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Tuesday, 28 August 1906


Senator TRENWITH (Victoria) . - There are reasons why paragraph a should be retained in connexion with trusts. It is fallacious to reason with reference to commercial trusts, whichhave become a world's menace, on the same lines as we should with reference to individuals. However, if we require a reason for the retention of paragraph a,Senator Pulsford has supplied one. The honorable senator has shown the existence of an undoubted trust in c'onnexion with the cocoa trade. He has also shown that that is not a baneful trust ; and it would, therefore, not be affected, except to the extent of being called upon to prove its innocence, as could easily be done.


Senator Millen - But, being a trust, it would be held to be guilty of unfair competition.


Senator TRENWITH - Being a trust it is assumed for the purpose of the Bill that its competition is unfair until proved to be otherwise. The reason for so dealing with trusts is that, unlike individuals, thev are generally extremely powerful, and created for the purpose of exploiting the public. While it is admitted that occasionally, and, generally, only tentatively trusts may be non-injurious or may even be beneficent, their general tendency is to be baneful, and, therefore, they are treated differently from individuals whose characteristic is not to be prejudicial to the public well-being.


Senator Best - This clause applies only to a trust whose deliberate intention it is to injure an industry.


Senator TRENWITH - I think the honorable senator is wrong. This clause applies to any commercial trust.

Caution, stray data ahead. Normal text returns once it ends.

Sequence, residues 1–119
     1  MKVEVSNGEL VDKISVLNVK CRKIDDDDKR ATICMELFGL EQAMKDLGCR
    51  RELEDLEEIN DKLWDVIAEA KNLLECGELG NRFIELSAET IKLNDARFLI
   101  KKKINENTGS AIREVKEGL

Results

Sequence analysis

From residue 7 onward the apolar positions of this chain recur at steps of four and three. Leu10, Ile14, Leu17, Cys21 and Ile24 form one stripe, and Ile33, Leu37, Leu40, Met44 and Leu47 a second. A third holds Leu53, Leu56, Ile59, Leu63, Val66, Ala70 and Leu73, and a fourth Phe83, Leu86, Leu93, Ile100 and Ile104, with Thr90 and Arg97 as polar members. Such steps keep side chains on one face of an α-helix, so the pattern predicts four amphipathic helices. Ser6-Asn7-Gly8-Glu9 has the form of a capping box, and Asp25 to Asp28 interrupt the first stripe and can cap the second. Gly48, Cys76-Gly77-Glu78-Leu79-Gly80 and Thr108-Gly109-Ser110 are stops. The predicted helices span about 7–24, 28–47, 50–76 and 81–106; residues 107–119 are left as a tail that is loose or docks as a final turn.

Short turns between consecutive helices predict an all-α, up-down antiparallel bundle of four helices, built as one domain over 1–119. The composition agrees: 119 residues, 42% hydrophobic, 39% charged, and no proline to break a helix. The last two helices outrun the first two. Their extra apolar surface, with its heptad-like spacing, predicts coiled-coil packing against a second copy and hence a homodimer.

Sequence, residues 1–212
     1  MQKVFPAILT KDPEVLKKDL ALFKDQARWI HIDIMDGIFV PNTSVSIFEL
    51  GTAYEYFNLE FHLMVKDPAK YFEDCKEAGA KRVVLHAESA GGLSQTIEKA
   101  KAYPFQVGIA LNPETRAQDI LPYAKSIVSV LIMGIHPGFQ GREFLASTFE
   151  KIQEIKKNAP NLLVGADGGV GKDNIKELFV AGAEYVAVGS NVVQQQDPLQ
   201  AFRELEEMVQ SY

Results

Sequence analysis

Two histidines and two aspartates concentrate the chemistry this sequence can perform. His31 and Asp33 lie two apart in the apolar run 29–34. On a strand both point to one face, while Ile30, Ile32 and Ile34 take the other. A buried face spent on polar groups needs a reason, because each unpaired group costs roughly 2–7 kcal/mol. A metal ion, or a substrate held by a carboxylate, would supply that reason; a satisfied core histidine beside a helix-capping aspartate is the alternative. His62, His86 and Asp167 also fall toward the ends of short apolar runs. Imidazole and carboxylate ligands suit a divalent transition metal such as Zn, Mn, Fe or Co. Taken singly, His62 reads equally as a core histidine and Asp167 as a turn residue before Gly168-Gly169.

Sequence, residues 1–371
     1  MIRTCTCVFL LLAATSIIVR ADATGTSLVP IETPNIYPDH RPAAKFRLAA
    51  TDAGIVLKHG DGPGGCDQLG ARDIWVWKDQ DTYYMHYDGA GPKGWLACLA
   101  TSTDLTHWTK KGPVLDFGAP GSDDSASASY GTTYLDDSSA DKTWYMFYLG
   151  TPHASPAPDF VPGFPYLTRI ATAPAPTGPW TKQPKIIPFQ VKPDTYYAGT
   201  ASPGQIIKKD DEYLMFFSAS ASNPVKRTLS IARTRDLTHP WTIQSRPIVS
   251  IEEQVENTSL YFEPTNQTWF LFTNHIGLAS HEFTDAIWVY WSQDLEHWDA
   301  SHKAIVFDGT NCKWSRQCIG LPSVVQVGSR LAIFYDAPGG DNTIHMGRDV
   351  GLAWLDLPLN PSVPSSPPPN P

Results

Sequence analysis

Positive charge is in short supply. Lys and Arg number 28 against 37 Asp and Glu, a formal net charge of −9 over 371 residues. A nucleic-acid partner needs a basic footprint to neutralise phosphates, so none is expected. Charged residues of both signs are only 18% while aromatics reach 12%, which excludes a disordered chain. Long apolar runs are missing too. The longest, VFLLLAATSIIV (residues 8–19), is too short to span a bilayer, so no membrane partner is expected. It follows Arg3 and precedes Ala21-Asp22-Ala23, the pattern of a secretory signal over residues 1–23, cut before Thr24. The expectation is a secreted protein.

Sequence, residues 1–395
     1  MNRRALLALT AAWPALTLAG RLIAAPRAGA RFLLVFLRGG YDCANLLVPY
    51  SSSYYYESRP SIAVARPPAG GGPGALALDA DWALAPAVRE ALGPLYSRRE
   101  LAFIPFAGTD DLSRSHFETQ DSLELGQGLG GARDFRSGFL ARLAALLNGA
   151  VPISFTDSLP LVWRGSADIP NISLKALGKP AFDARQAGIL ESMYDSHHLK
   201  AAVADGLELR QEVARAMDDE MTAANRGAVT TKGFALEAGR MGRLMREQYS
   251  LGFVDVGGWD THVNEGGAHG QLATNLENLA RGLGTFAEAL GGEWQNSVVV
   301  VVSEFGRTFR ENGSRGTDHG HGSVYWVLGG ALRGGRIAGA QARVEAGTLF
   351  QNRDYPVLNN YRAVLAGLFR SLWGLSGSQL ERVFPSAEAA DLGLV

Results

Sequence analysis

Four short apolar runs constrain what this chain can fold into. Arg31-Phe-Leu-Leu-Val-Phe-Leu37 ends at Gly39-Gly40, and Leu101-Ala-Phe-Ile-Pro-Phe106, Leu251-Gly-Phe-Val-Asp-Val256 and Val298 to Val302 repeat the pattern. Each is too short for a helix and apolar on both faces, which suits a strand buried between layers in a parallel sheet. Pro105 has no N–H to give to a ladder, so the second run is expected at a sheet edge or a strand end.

Senator Best - It applies only to a trust whose intent it is to destroy or injure, by means of unfair competition, an Australian industry.


Senator TRENWITH - I am putting the worst case ; and it seems to me that, if there be a trust, the authorities may, if they choose, call upon it to prove that its operations are not baneful to the public, or likely to create disorganization in an industry. But, assuming Senator Best to be right, I contend that there is justification for dealing with trusts differently from individuals. According to Senator Pulsford's own showing, the trust to which he has referred is designed to maintain just and reasonable profit. But, assuming for argument sake that it could be shown - or that the trust was unable to show that it was not so - that the minimum pride was fixed in order to permit the manufacturer, even though the distributors only made a profit of1d. per lb., to charge twice, or any amount, over, what ought to be a proper charge for manufacturing. Under such circumstances, the trust would be onebaneful in its character. As showing from current history the necessity for treating trusts differently from individuals, honorable senators have only to remember the recent proceedings against the fountain head of American trusts, J. B. Rockefeller, who was summoned before a Court to give evidence. I assume that the object of summoning Mr. Rockefeller as a witness was to prove by his evidence that the trust with which he was connected was baneful ; but, as he simply kept out of the way, and would not fulfil his duties as a citizen, he was not called upon to prove his innocence, with the result that the intention of the Court to prove him guiltv was frustrated. If Mr. Rockefeller had been called upon by law to prove his innocence, it would have been no use his running away, and he would have come forward. That seems to be a strong reason why we should deal differently with these institutions as compared with the ordinary institutions of civilization.







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